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Liquid Phase Dehydration of 1-Butanol to Di-n-butyl ether Experimental Performance, Modeling and Simulation of Ion Exchange Resins as Catalysts

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Liquid Phase Dehydration of 1-Butanol to Di-n-butyl ether Experimental Performance, Modeling and Simulation of Ion Exchange Resins as Catalysts María Ángeles Pérez-Maciá Aquesta tesi doctoral està subjecta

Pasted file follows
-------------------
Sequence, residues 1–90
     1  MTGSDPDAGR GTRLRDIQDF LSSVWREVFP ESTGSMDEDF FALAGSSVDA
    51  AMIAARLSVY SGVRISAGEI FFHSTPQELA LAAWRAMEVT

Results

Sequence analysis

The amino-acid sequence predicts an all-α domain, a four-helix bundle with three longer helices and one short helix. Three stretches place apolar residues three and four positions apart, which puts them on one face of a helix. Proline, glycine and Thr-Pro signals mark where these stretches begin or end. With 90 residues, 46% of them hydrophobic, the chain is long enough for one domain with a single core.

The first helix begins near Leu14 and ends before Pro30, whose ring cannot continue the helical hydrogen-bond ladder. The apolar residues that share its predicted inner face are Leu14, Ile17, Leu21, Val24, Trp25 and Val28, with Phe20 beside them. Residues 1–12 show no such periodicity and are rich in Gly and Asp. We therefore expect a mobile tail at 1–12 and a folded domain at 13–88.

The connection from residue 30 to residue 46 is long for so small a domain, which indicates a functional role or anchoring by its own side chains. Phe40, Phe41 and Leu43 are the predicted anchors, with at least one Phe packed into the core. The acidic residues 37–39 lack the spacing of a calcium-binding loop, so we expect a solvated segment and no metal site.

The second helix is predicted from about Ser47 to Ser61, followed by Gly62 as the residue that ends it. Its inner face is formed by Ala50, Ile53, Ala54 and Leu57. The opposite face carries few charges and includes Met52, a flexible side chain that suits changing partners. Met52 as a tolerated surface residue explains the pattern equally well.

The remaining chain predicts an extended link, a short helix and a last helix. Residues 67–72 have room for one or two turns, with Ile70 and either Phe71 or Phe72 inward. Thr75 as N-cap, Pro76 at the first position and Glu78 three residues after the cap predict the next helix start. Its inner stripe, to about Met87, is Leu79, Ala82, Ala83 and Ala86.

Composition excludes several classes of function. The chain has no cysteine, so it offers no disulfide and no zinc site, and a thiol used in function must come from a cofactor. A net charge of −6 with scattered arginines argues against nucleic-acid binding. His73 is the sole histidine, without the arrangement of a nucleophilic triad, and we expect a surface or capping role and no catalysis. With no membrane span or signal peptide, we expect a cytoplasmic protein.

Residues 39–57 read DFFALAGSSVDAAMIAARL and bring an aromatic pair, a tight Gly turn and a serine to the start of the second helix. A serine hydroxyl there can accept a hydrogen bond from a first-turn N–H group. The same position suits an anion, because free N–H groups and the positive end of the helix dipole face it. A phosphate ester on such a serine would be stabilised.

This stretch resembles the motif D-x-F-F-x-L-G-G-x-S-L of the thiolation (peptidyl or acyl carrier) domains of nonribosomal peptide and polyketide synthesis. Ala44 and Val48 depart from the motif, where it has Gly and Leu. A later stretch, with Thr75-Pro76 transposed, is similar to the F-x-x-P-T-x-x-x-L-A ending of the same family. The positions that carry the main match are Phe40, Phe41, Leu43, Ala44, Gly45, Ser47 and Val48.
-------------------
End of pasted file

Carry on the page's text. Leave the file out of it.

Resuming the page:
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Liquid Phase Dehydration of 1-Butanol to Di-n-butyl ether Experimental Performance, Modeling and Simulation of Ion Exchange Resins as Catalysts María Ángeles Pérez-Maciá Aquesta tesi doctoral està subjecta a la llicència Reconeixement- NoComercial SenseObraDerivada 3.0. Espanya de Creative Commons. Esta tesis doctoral está sujeta a la licencia Reconocimiento - NoComercial SinObraDerivada 3.0. España de Creative Commons. This doctoral thesis is licensed under the Creative Commons Attribution-NonCommercial- NoDerivs 3.0. Spain License. Liquid Phase Dehydration of 1-Butanol to Di-n-butyl ether Experimental Performance, Modeling and Simulation of Ion Exchange Resins as Catalysts María Ángeles Pérez-Maciá Facultad de Química Departamento de Ingeniería Química LIQUID PHASE DEHYDRATION OF 1-BUTANOL TO DI-N-BUTYL ETHER. EXPERIMENTAL PERFORMANCE, MODELING AND SIMULATION OF ION-EXCHANGE RESINS AS CATALYSTS. Tesis Doctoral María de los Ángeles Pérez Maciá Dirigida por Dra. Montserrat Iborra y Dr. Roger Bringué Barcelona, 15 de septiembre de 2015 Programa de doctorado de Ingeniería y Tecnologías Avanzadas La Dra. MONTSERRAT IBORRA URIOS, profesora titular del Departamento de Ingeniería Química de la Universidad de Barcelona y el Dr. ROGER BRINGUÉ TOMÀS, profesor lector del mismo departamento, CERTIFICAN QUE: El trabajo de investigación titulado LIQUID PHASE DEHYDRATION OF 1-BUTANOL TO DI-N-BUTYL ETHER. EXPERIMENTAL PERFORMANCE, MODELING AND SIMULATION OF ION-EXCHANGE RESINS AS CATALYSTS. constituye la memoria que presenta la Ingeniera Química María de los Ángeles Pérez Maciá para aspirar al grado de Doctor por la Universidad de Barcelona. Esta tesis doctoral se ha llevado a cabo dentro del programa de Doctorado Ingeniería y Tecnologías Avanzadas en el Departamento de Ingeniería Química de la Universidad de Barcelona. Y para que así conste a los efectos oportunos, firman el presente certificado en Barcelona, 15 de septiembre de Dra. Montserrat Iborra y Dr. Roger Bringué Directores de la tesis doctoral i FOREWORD The objectives of the present thesis can be summarized in two main subjects which are clearly represented in the title of this thesis: Liquid phase dehydration of 1-butanol to di-n-butyl ether. Experimental performance, modeling and simulation of ion exchange resins as catalysts. In Chapters 1 and 2 the context of this thesis is defined and the materials and methods utilized in the subsequent chapters are introduced. The next three chapters deal with the first main objective of this thesis, Study of the liquid phase dehydration of 1-butanol to di-n-butyl ether over ion exchange resins. The performance of poly(styrene-divinylbenzene), P(S-DVB), ion exchange resins in the synthesis of di-n-butyl ether from the dehydration of 1-butanol in liquid phase is addressed in Chapter 3. This chapter also discusses the influence of typical 1-butanol impurities (isobutanol or ethanol and acetone, depending on the production route) on the dehydration process. Chapter 4 is devoted to the thermodynamic equilibrium of 1-butanol dehydration. The experimental values of the equilibrium constants for the dehydration of 1-butanol to di-n-butyl ether and for potential side reactions determined by direct measurement of the composition of the liquid mixture at equilibrium are presented. Chapter 5 is dedicated to the chemical kinetics of the dehydration of 1-butanol to di-n-butyl ether over Amberlyst 70, shedding some light on the mechanism of di-nbutyl ether formation. Furthermore, the inhibitory effect of water is investigated. The second general objective of this thesis, Modeling and simulation of ion exchange resin, has been developed in Chapters 6 and 7. Chapter 6 addresses the construction of a realistic model for P(S-DVB) networks. Furthermore, the relationship between the topology of highly crosslinked P(S-DVB) ion-exchange resins and their properties, especially the structural ones is studied by means of molecular dynamics simulations. Chapter 7 deals with the swelling of ion exchange resins in 1-butanol also by means of molecular dynamics simulations. In Chapter 8 a concise summary of the results of this thesis is presented together with suggestions for future work. Finally, at the end of this thesis an extended summary in Spanish can be found. iii OBJECTIVES (1) Check that sulfonic poly(styrene-divinylbenzene), P(S-DVB), ion exchange resins are suitable catalysts for the dehydration of 1-butanol to di-n-butyl ether,, in the liquid phase. (2) Evaluate the influence of the morphological characteristics of P(S-DVB) resins on the synthesis of and, based on these results, select the most appropriate resin for industrial use. (3) Study the influence that typical 1-butanol impurities have on the dehydration of 1-butanol. (4) Evaluate the equilibrium constant of the dehydration reaction of 1 butanol to and main side reactions. (5) Perform a kinetic study of the dehydration of 1-butanol to over the thermostable ion exchange resin Amberlyst 70 and propose a kinetic equation with mechanistical base. (6) Develop a realistic atomistic model for the crosslinked network of P(S-DVB) ion exchange resins. The model must represent the heterogeneity of the macromolecular multi-chain networks. (7) Study the influence of the polymer topology on the microscopic properties of the resin using molecular dynamic simulations. (8) Study the swelling of ion-exchange resins in 1-butanol by means of molecular dynamics simulations. v TABLE OF CONTENTS 1. INTRODUCTION Oil based economy Reformulation of diesel fuel Di-n-butyl ether () synthesis route butanol synthesis Dehydration of 1-butanol to Ion exchange resins as catalysts Role of computational chemistry in the understanding of materials properties Nomenclature References MATERIALS AND METHODOLOGY Chemicals Catalysts Experimental set up, analysis and procedure Experimental set up Analysis Procedure Computational chemistry Molecular dynamic simulations Force Fields Non-bonded interactions Temperature and pressure couplings Sorption of solvents by polymer matrices Free Energy Calculations Free Energy Perturbation theory Thermodynamic Integration Non-equilibrium method Nomenclature References... 39 vi 3. SYNTHESIS OF DI-N-BUTYL ETHER FROM 1-BUTANOL OVER ACIDIC ION EXCHANGE RESINS Introduction Materials and experimental procedure Results and discussion Reaction scheme of the catalytic dehydration of 1 butanol to Influence of resin morphology on 1-butanol conversion, initial reaction rate, selectivity to and yield Comparison with DNPE, DNHE and DNOE Thermal stability and reusability Influence of typical 1-butanol impurities Influence of 2-methyl-1-propanol (isobutanol) Influence of ethanol and acetone Conclusions Nomenclature References THERMODYNAMIC EQUILIBRIUM Introduction Experimental procedure Results and discussion Equilibrium constants Standard Gibbs free energy, enthalpy, and entropy of reactions Bimolecular dehydration of 1-butanol to Olefins isomerization Olefins hydration to 2-butanol (1-Methylpropoxy) butane formation Conclusions Nomenclature References KINETIC STUDY Introduction Experimental procedure Results and discussion Preliminary experiments Modeling of kinetic data... 92 vii Experiments starting from pure 1-butanol Experiments starting from 1-butanol/water and 1-butanol/ mixtures Modified kinetic models General kinetic models Conclusions Appendix Nomenclature References MODELING AND ATOMISTIC SIMULATIONS OF ION EXCHANGE RESINS Introduction Construction of the polymer network Homogeneous Generation Approach (HGA) Combined Growing Approach (CGA) Computational methods Results and discussion Topology-density relationship Structural properties Distribution of sulfonic groups Relative orientation of the phenyl rings Conclusions Nomenclature References BUTANOL ABSORPTION IN P(S-DVB) RESINS Introduction Methods Computational methods Experimental methods Results Thermodynamic study of 1-butanol absorption in a P(S-DVB) resin Preliminary steps Free energy perturbation. Widom s particle insertion method Thermodynamic integration Fast growth thermodynamic integration viii Thermodynamic estimation Influence of 1-butanol absorption on the macroscopic swelling Influence of 1-butanol absorption on the microscopic swelling Organization of absorbed 1-butanol Conclusions Nomenclature Reference SUMMARY AND OUTLOOK Summary: A unified view Outlook: What s next? RESUMEN DEL TRABAJO (Spanish) LIST OF PUBLICATIONS AGRADECIMIENTOS 1. INTRODUCTION 1. INTRODUCTION Oil based economy In the course of a century, technologies based on oil as a unique, easily handled fuel have shaped the world. Petroleum oil was recognized to be an essential source for illuminating oil in the 1860s followed by its use for heating and other applications including, eventually, electricity generation. It became essential for the production of transportation fuels after the introduction of internal combustion engines for cars and other vehicles, followed by planes and other means of transportation. Nowadays, oil remains the world s leading fuel supplying the 32.4% of the world primary energy consumption 1 chemical products has also gained great significance. The demand for oil continues to expand owing to a growing population and an increase in standard of living (see Figure 1.1). However, oil reserves are limited and the majority of the world s conventional oil reserves are located in the Middle East and other politically sensitive regions settings the trend for great uncertainty. The notion that the world is nearing a peak in oil supplies is a subject of great current interest and debate and, although there is much uncertainty over when oil production will peak as supplies are depleted, no one disagrees that the threat is real. Besides concerns about oil reserves limitation and the reliance on foreign and its use as a raw material for petrochemical and Source: U.S. Energy Information Administration. International Energy Statistics, April Figure 1.1. Total oil supply and total petroleum consumption resources, awareness of the importance of environmental issues (exhaust emissions, oil splits, climate change, etc.) has become more and more central to the thinking of the oil industry and regulators in the last decades. As a result, the European Union introduces increasingly stringent specifications for: million barrels per day 95 Oil Production 90 Oil Consumption Quality of petrol, diesel and gas-oil (Directive 2009/30/EC). Emissions from light passenger and commercial vehicles (Regulation EC 715/2007). Promotion of the use of energy from renewable sources, setting a mandatory 10% minimum target to be achieved by all Member States for the share of biofuels in transport petrol and diesel consumption by 2020 (Directive 2009/28/EC). 4 1. INTRODUCTION Although very efficient, diesel engines have had difficulties achieving desirable emission targets, especially for soot and NO x formation. 3 Reformulation of diesel fuel to include oxygenates has proven to be an effective way to provide satisfactory engine power and cleaner exhaust without modification of existing diesel engines Reformulation of diesel fuel A number of different oxygenates have been considered as components for diesel fuel. These oxygenates include various alcohols, ethers and esters. Alcohols have several drawbacks: high water solubility, which can cause phase separation problems; high Reid vapor pressure (RVP), which may lead to the plugging of the fuel flow by increasing the vapor pressure; high volatility, which increases the volatile organic compounds emissions; high latent heat of vaporization, which raises cold start-up and drivability issues; and low heating value. 8 Vegetable oil methyl esters have a number of properties not typical of diesel fuels such as higher boiling point, viscosity, and surface tension that may contribute to increase the NO x emissions. 9 On the contrary, ethers, especially linear monoethers, show good conditions to be added to diesel given its high cetane number, cold flow properties and mixture stability. 10 Linear ethers are also known to be effective additives to reduce diesel exhaust such as CO, particulate matter and unburned hydrocarbons and to substantially improve the trade-off between particulate and NO x due to the presence of oxygen in the ether molecules. 11 Recently, di-n-butyl ether () has been identified as an important candidate biofuel which can be produced from lignocellulosic biomass. 12, Di-n-butyl ether () presents excellent properties to be blended with diesel fuel (see Table 1.1). 14 It has a particularly high cetane number (CN) indicating short ignition delay times which at the end translates into a relatively longer combustion process and thus less unburned hydrocarbons; its moderate boiling point allows facile vaporization of the fuel after injection while minimizing the volatile organic compounds emissions during transportation, storage and refueling; and its volumetric energy content is comparable to that of petroleum fuels providing satisfactory engine power in un-modified diesel engines. Besides, can be produced from lignocellulosic biomass such as residues from agriculture, energy crops and forest refuse. This residual biomass is produced in abundance and worldwide and it has no direct competition with food, thus being an attractive, inexpensive, renewable resource for the production of next generation biofuels. 1. INTRODUCTION 5 Table 1.1. Properties of and diesel. Commercial Diesel Cetane Number Boiling point [ºC] Density [kg/m 3 ] CP a [ºC] CFPP b [ºC] Flash point [ºC] a CP (Cloud point): temperature where components form crystals and become visible forming a hazy or cloudy suspension. b CFPP (Cold filter plugging point): lowest temperature at which a given volume of fuel passes through a standardized filtration device synthesis route Linear symmetrical ethers can be produced by bimolecular dehydration of primary alcohols over acid catalysts. 15,16 Consequently, can be produced through the bimolecular dehydration of 1 butanol butanol synthesis 1-butanol can be synthesized following biological or petrochemical routes: Biological routes Biobutanol can be produced from biomass by either fermentation or thermochemical routes, as it can be seen in Figure 1.2. Currently, biobutanol is being produced on industrial scale by the ABE fermentation process in which biomass fermentation by microorganisms of the genus Clostridium gives place to 1-butanol along with acetone and ethanol. 17,18 Biobutanol can also be produced from biomass by condensation of bioethanol and/or biomethanol (Guerbet Catalysis). 19 Figure 1.2 shows that this route is still a developing technology which is not yet commercialized. 20 However, the company Abengoa developed and patented a catalyst that enables the manufacture of biobutanol competitively and, in November 2013, announced its plans to start commercial-scale production of butanol in The thermochemical routes for biobutanol production go through biomass gasification followed by syngas catalysis. 6 1. INTRODUCTION Figure Butanol biological synthesis routes (source: Carcone, ). Petrochemical route Nowadays, the most important petrochemical route on industrial scale for the synthesis of 1-butanol is based on the Oxo process which consists of selective hydroformylation and hydrogenation of linear olefins from fluid catalytic cracking in the presence of Rh and Co phosphines. 21 The reaction (see Figure 1.3) involves the addition of CO and hydrogen to the terminal double bond of propylene to yield n-butyraldehyde and iso-butyraldehyde. Subsequently, aldehydes are hydrogenated to yield 1-butanol. With this hydrogenation step 1-butanol is obtained together with 2-methyl-1-propanol (isobutanol) as byproduct. Figure Butanol petrochemical synthesis route. 1. INTRODUCTION Dehydration of 1-butanol to As it was previously mentioned, di-n-butyl ether can be synthesized through the bimolecular dehydration of 1-butanol over an acid catalyst. So far, the dehydration of alcohols has been industrially catalyzed by sulfuric acid. 22 However, environmental concerns associated with safe handling and disposal of corrosive wastes (derived from product recuperation) have encouraged the development of safer and non-waste producing alternatives for applications in catalysis. There is also a strong economic driver to use a solid catalyst instead of a liquid. The advantages of a solid include reduced equipment corrosion; ease of product separation; less potential contamination in waste streams; and recycle of the catalyst. Using a solid may also increase the number of processing options such as a gas flow reactor and a fixed bed. The selectivity may also be improved in going to a solid acid catalyst. There are some examples available in the bibliography (Table 1.2) of the utilization of heterogeneous catalyst for the dehydration of 1-butanol. Table 1.2. Published works on 1-butanol heterogeneous catalytic dehydration. Catalyst Operation conditions / Catalyst activity Reference AlPO 4 Zeolite H-ZSM-5 Amorphous aluminosilicate η alumina Niobium silicate Heteropolyacids T = 300 ºC; P =1 atm; gas phase At high conversions the major products are butenes. T = ºC; P = 1 atm; gas phase Selectivity to ether decreases remarkably with increasing conversion. T = ºC; P = 1 atm; gas phase Major products: butenes. T = ºC; P = 0 4 MPa; gas phase Selectivity is highly dependent on conversion decreasing as 1-butanol conversion increases. T = ºC; P = 1 atm; gas phase High selectivity to butenes. T = 200 ºC; P = 30 bars; liquid phase Selectivity to higher than 80% 1-butanol conversions ranging from 30 to 80% , 28 As it can be seen in Table 1.2, all the works found in the bibliography regarding the catalytic dehydration of 1-butanol report high selectivity to butenes (except works carried out in liquid phase over heteropolyacids 27,28 ). On the other hand, over the last years several works have demonstrated that acidic ion exchange resins are highly selective catalysts (97-99%) to produce linear symmetrical ethers from n-alcohols, avoiding byproducts as olefins However, to the 8 1. INTRODUCTION best of our knowledge, the synthesis of di-n-butyl ether has not been reported on ion exchangers. Thus, one of the aims of this work is to study the liquid-phase dehydration of 1-butanol to over ion exchange resins Ion exchange resins as catalysts Conventional ion exchange resins consist of a cross-linked polymer matrix with a relatively uniform distribution of ion-active sites (functional groups) throughout the polymeric structure. The polymeric matrix consists in hydrocarbon chains bonded together forming a three-dimensional hydrophobic structure, while functional groups are of hydrophilic nature. This structure makes ion exchange resins insoluble in solvents that do not break the carboncarbon bonds of the matrix. Most ion exchange resins are based on cross-linked poly(styrenedivinylbenzene) copolymers, P(S-DVB) (Figure 1.4 shows a schematic representation of P(S-DVB) resins). Other ion exchanging materials include Nafion (a perfluorinated polymer containing sulfonic acid heads) and acrylic based resins. CH CH 2 CH CH 2 CH CH 2 CH CH 2 CH CH 2 X-Y X-Y X-Y CH CH 2 CH CH 2 CH CH 2 CH CH 2 CH CH 2 X-Y X-Y X-Y CH CH 2 CH CH 2 CH CH 2 CH CH 2 CH CH 2 CH CH 2 X-Y X-Y X-Y Figure 1.4. Schematic representation of the P(S-DVB) matrix. X-Y represents a functional group. Most common functional groups are SO -H, CO -Na, NR -Cl, NH -OH All the experiments included in the present thesis were performed using P(S-DVB) resins functionalized with sulfonic acid groups. Acidic styrene divinylbenzene resins P(S-DVB) resins are commercially prepared in spherical (bead) form. A major large-scale industrial methodology for the production of P(S-DVB) resin beads is based on the suspension polymerization technique. 33 Typically, a styrene